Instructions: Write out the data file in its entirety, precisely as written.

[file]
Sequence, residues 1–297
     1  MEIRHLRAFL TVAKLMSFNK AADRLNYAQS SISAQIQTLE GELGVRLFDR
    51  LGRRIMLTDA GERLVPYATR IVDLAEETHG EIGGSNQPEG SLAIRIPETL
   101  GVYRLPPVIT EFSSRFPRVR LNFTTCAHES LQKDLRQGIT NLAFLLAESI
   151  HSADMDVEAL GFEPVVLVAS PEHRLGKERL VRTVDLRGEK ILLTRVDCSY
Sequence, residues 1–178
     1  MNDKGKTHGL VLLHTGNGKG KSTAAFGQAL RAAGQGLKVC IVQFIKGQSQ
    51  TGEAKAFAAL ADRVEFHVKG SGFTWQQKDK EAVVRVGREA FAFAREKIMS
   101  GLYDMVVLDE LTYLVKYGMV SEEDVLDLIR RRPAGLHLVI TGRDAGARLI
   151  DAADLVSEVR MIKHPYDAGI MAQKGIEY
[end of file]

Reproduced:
Sequence, residues 1–297
     1  MEIRHLRAFL TVAKLMSFNK AADRLNYAQS SISAQIQTLE GELGVRLFDR
    51  LGRRIMLTDA GERLVPYATR IVDLAEETHG EIGGSNQPEG SLAIRIPETL
   101  GVYRLPPVIT EFSSRFPRVR LNFTTCAHES LQKDLRQGIT NLAFLLAESI
   151  HSADMDVEAL GFEPVVLVAS PEHRLGKERL VRTVDLRGEK ILLTRVDCSY
Sequence, residues 1–178
     1  MNDKGKTHGL VLLHTGNGKG KSTAAFGQAL RAAGQGLKVC IVQFIKGQSQ
    51  TGEAKAFAAL ADRVEFHVKG SGFTWQQKDK EAVVRVGREA FAFAREKIMS
   101  GLYDMVVLDE LTYLVKYGMV SEEDVLDLIR RRPAGLHLVI TGRDAGARLI
   151  DAADLVSEVR MIKHPYDAGI MAQKGIEY